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Clustered vs NC index storage differences?

Posted By:      Posted Date: September 04, 2010    Points: 0   Category :Sql Server
Does clustered index takes more disk space than NC for the same filed(s) for large tables? Also is CI takes longer (time) to build than NC if you have large tables? Any microsoft articles supporting these aruguments.

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Does inserting a non clustered index reduce IO?

I ran a report on my prod server (Performance - Top queries by total IO) and found the following query the 2nd highest.   select * from Table1 where Col1 is null order by Col2, Col3, Col4 Table has 100,000 rows. 1 pk and about 30 columns After running it against engine tuning advisor it advised, if i created a non clustered index on Col1, Col2, Col3 and Col4 it would increase the performance by 77%. But when i run the command just by it self it runs and completes instantaneously. What am i missing? Should i create the index to reduce the IO's as the Advisor suggests?    

non-clustered index



Can we you create a non-clustered index over a column already having clustered index



Do I really need Clustered Index??


I read in so many articles, some books and listen some expert's words and even microsoft recommended that, A table with Clustered Index will performs better than Heap in most of the cases. I too believed same until today. But today, I saw in my project, out of 2,000 tables we have, only 50-60 tables have CI only, and remaining tables are all heap only. Still our 90% of stored proc. always will takes less than 1 or 2 seconds, even when they tested with millions of data. 

            I never had chance to look into the DB, as i will not work directly with proj. dev. Today only I saw this. i asked one of my colleague about this. He replied that, when insertion/updation/deletions performed, CI will take more time, If it is heap, it wont take more time. Yes, What ever he is telling is true. It needs to adjust the indexes, page splits also might happens...  

a Heap has following advantages over CI.

1. Insertion/Updations/Deletions faster...

        Yes, as its an web application, which will be continously use by the people, no of DML operations will happen. 

2. Coming to Selections, I saw the tables have Non-CI, which almost covers all the queries.... and more over the Because of the Paging implementation, always, only 25-50 records will be selected,  

Query defaults to a Clustered Index Scan instead of using an Index Seek


I have query that behaves much differently the moment I modify the Where clause


The following query runs fast!!





Guid clustered index fast select and slow insert



Don't know if this question is in wrong forum but I didnt find a better place.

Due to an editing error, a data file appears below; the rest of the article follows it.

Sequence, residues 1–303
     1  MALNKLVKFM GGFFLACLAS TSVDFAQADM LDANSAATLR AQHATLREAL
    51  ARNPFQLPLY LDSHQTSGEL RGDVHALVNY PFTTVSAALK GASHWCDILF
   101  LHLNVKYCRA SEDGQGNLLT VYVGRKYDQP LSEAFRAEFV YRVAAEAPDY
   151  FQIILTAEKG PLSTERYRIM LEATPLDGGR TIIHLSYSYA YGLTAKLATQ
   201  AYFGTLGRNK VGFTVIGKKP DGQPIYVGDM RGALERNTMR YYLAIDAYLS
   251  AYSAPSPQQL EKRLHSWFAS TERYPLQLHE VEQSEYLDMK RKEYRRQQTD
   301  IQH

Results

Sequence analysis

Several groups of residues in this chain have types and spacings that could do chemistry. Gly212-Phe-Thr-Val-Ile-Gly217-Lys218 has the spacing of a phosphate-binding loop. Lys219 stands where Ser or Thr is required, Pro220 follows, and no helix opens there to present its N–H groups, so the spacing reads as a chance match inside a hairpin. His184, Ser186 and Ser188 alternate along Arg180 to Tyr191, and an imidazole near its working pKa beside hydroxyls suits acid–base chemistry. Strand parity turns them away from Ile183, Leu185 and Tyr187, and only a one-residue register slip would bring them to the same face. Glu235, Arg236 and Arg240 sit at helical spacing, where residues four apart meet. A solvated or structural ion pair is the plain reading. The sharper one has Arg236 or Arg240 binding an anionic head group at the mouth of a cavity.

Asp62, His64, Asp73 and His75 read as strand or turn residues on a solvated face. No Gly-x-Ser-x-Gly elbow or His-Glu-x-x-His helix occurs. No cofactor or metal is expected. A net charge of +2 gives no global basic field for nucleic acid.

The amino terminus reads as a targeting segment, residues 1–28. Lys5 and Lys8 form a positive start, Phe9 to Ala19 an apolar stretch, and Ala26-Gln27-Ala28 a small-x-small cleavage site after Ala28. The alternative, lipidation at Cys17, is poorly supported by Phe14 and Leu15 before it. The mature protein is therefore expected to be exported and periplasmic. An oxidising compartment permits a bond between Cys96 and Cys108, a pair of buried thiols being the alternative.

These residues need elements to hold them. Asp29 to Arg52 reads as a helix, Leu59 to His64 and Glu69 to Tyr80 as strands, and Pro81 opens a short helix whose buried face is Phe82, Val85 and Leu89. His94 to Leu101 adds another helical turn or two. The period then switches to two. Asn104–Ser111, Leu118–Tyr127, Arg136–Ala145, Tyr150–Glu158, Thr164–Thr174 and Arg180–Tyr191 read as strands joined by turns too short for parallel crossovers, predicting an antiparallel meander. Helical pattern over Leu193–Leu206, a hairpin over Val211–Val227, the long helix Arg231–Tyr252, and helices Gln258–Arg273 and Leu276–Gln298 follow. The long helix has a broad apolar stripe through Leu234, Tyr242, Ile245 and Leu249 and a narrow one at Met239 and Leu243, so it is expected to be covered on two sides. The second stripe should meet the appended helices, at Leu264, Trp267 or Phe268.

I have a table called "CompanyApplications". The first column is a guid and is the PK (not clustered). The other colum is also a guid and is the company identifier. This is a guid because it comes from another table (the "company" table), an old table used for other stuff. Then I have a third and forth column for "ApplicationURL" and "ApplName.

My application will do alot of (since 30 000+ users) "select ApplName, ApplicationURL from CompanyApplications where companyId='<the company guid of the user>' order by ApplName). It will make very few inserts into this table. Only when one is inserting a new application.

I have some questions about this since I know it's not good to have a guid as clustered since it will have SQL Server to always resort the clusted index (because guids are "random"):

1. Is it wrong to have the companyId column as clusted in this example? If so, what is better?

2. I know inserts will be relatively slow when using guid as clustered. But in my case the insert does not need to be fast. Will the slow insert also affect selects from other users. I mean, will select's be slow for other users when the index is resorted becuase one user make an insert?


clustered index



i have a query which is running slow so i've been adding index's to various fields to test to see if i can find any improvements.

i have a problem though as a program runs and instead of updating values deletes a record the by the id field and then re-adds with the new values (yes stupid i know).

what i've noticed is that there is an index on that field set to 'create as clustered'.

I've always avoided the clustered index as i've heard its a bad option, but am wondering that if this value is being deleted and re-created and is set to the clustered mode if this might be a problem?

sql 2000.


Search for Clustered Index in database on varchar, nvarchar column



I have very big database, i am running a Re-index job and it's keep failing throwing everyday error stating "Online index operation cannot be performed on clustered index as index contains column of data type text, nvarchar.

is there any way i can search and change all such datatype of culstered into non-clustered indexes or any better solution i have.

clustered index myth